Regency Satirical Prints
These days, it’s hard to read a publication or watch television without getting bombarded with stories about a movie star’s misbehavior or a politician’s sexual shenanigans. But our current fascination with gossip and scandal is nothing new.
Regency England reveled in ‘tittletattle,’ and had its own colorful scandalsheets and “paparazzi.” Newspapers and pamphlets reported in lurid detail on the celebrity bad boys—and bad girls—of high society. Like today, sex, money and politics were hot topics. As for pictures, there were, of course, no cameras to capture candid snapshots and personal transgressions. But the artists of the Regency could be even more cutting than modern-day photographers, and their sharp wit make them famous in their own right. (Here are just a few examples:)
In Murder on Black Swan Lane, the first book in my Regency-set “Wrexford & Sloane” mystery series , the heroine is London’s most popular—and scathing—satirical artist. So naturally, I decided to do a little research into the subject. I’m lucky enough to live close to the British Art Center at Yale, which has an amazing collection of vintage Regency prints in its study room.
You can make an appointment, sort through the card catalogues to decided what you want to see—and voila! The boxes are brought to your work table. The chance to study originals was a wonderful experience. (Not to speak of getting to sort through a whole box of J. M. W. Turner’s watercolor sketches of his trip through the Alps with my hot little hands—well-washed of course. They make you scrub!) To see the actual colors and richness of detail is, well, eye-opening.
The art of satire was honed to a fine edge by London’s top printmakers, who were masters at creating caricatures of famous figures of the day—anyone from leading politicians to notorious courtesans—as well as crafting commentaries on current events. The prints were widely available at printshops all over Town, and were wildly popular with the public, who ate them up, gleeful at seeing their betters—or their peers— exposed to ridicule.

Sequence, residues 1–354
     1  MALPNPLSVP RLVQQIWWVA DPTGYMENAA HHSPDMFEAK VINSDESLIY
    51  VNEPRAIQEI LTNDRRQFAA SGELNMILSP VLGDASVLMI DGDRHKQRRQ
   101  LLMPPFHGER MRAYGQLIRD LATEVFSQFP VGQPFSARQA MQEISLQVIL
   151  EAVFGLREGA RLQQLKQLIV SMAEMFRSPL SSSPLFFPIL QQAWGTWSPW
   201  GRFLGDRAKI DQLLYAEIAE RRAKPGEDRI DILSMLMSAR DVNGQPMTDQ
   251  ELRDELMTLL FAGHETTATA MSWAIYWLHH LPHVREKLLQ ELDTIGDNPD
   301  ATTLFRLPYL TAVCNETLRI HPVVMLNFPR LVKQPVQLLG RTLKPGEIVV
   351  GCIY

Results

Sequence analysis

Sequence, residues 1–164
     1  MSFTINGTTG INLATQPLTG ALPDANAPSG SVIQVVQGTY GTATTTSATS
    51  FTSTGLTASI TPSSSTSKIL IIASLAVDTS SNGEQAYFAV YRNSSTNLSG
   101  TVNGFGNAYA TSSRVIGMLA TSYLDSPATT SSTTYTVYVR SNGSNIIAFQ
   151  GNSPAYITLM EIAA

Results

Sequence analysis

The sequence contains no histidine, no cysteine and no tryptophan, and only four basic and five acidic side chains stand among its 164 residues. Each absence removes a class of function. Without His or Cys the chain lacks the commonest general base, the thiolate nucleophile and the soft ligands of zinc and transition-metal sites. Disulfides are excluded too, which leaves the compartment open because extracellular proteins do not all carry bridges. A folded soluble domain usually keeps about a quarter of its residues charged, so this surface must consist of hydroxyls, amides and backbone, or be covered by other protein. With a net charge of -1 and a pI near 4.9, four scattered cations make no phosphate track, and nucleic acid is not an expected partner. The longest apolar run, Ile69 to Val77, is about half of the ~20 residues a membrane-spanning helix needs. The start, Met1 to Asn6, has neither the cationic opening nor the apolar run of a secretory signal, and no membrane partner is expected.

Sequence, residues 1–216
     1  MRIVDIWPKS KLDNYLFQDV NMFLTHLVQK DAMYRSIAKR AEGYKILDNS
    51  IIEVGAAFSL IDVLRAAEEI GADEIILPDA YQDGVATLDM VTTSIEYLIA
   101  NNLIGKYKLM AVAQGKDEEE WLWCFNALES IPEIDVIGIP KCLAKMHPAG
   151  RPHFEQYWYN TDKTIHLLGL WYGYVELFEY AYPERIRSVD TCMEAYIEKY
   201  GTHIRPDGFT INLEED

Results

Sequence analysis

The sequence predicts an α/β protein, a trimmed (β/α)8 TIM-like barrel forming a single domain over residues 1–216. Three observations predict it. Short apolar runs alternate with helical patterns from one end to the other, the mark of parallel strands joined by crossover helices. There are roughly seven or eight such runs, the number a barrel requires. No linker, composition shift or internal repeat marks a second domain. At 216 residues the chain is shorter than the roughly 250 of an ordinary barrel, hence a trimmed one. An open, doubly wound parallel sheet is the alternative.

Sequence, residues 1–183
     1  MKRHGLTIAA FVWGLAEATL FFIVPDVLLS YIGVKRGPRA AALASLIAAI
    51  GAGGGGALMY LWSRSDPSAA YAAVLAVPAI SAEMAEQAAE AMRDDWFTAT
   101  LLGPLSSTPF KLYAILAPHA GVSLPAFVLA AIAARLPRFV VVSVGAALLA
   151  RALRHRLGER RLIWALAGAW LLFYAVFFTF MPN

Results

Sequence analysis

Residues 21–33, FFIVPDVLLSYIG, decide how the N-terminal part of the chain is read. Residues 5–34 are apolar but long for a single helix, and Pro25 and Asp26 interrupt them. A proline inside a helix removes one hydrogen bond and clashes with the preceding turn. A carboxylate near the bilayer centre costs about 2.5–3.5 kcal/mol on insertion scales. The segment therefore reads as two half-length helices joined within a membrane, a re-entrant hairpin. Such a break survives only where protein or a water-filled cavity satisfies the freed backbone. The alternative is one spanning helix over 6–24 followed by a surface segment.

As for politics, the printmakers captured public sentiment on war, taxes, and other controversies. Often irreverent, sardonic and scathingly funny, their work provides a wonderful mirror of the social and cultural temper of the times.
According to Vic Gatrell in his book City of Laughter, 20,000 satirical prints were published in London between 1770-1830. He calls those years the Golden Age of Graphic Satire, for after 1830, new printing technologies made hand-colored engravings obsolete as a means of social commentary. Three of the most famous print artists from the Regency were James Gillray, Thomas Rowlandson and George Cruikshank, who all followed in the tradition of William Hogarth, one of the great English satirists of the 18th century.
James Gillray was born in Chelsea and trained as an engraver of letters. He grew bored and left to spend several years with a troop of strolling players (which may be where he developed his humor.) Returning to art, he was admitted as a student to the Royal Academy, and began supporting himself by creating caricatures. His publisher and printseller was Miss Hannah Humphrey—and she was also his mistress. Gillray lived with her throughout his career.
Some of his most scathing satire was directed at King George III, who once said, “I don’t understand these caricatures.” Like the king, Gillray descended into madness and died in 1815.
A good friend of Gillray, Thomas Rowlandson was from a well-to-do family and attended Eton. From there, he became a student at the Royal Academy and spent two years in Paris honing his drawing skills. In 1777, he set up his own studio in Wardour Street, where he worked as a portrait artist, as well as a chronicler of daily life. A keen traveler, he also recorded his impression of his trips to the Continent.
Rowlandson didn’t prosper as a painter and so sought employment as an engraver at Ackermann’s print shop. In 1808, he collaborated with Randolph Ackermann on a series of books on London life. He was a heavy gambler, and in his later life, he often paid his debts with drawings.
George Cruikshank had art in his blood—his father was the well-known Scottish painter and caricaturist, Isaac Cruikshank. He earned fame for his comic illustrations for “Life in London,” a landmark Regency satirical book that followed three young men through the the city, where they experience the highs and lows of its pleasures.
The Regency artists were all greatly influenced by William Hogarth, who was one of the most important print artists of the 18th century. His observations of the world around him were gritty and unflinching, and by portraying reality, warts and all, he inspired the new generation of artists to add even more color to their era.